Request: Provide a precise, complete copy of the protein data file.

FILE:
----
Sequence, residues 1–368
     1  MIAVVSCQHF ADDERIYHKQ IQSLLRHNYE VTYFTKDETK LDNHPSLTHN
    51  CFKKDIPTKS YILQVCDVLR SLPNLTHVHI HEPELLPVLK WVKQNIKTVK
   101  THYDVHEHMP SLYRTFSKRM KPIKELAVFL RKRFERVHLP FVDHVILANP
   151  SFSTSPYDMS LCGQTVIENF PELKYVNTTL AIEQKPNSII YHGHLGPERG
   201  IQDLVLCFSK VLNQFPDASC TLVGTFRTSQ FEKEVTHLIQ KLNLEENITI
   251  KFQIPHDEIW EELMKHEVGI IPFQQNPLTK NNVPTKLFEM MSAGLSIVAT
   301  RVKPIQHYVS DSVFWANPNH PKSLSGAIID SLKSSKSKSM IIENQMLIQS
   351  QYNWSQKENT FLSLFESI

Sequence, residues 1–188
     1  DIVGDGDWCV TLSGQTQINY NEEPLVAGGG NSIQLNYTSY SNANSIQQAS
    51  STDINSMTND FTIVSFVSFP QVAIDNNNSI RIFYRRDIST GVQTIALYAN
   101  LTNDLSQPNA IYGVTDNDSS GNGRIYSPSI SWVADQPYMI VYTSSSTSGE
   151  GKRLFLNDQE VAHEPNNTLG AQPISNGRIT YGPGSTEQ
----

Sequence, residues 1–368
     1  MIAVVSCQHF ADDERIYHKQ IQSLLRHNYE VTYFTKDETK LDNHPSLTHN
    51  CFKKDIPTKS YILQVCDVLR SLPNLTHVHI HEPELLPVLK WVKQNIKTVK
   101  THYDVHEHMP SLYRTFSKRM KPIKELAVFL RKRFERVHLP FVDHVILANP
   151  SFSTSPYDMS LCGQTVIENF PELKYVNTTL AIEQKPNSII YHGHLGPERG
   201  IQDLVLCFSK VLNQFPDASC TLVGTFRTSQ FEKEVTHLIQ KLNLEENITI
   251  KFQIPHDEIW EELMKHEVGI IPFQQNPLTK NNVPTKLFEM MSAGLSIVAT
   301  RVKPIQHYVS DSVFWANPNH PKSLSGAIID SLKSSKSKSM IIENQMLIQS
   351  QYNWSQKENT FLSLFESI

Sequence, residues 1–188
     1  DIVGDGDWCV TLSGQTQINY NEEPLVAGGG NSIQLNYTSY SNANSIQQAS
    51  STDINSMTND FTIVSFVSFP QVAIDNNNSI RIFYRRDIST GVQTIALYAN
   101  LTNDLSQPNA IYGVTDNDSS GNGRIYSPSI SWVADQPYMI VYTSSSTSGE
   151  GKRLFLNDQE VAHEPNNTLG AQPISNGRIT YGPGSTEQ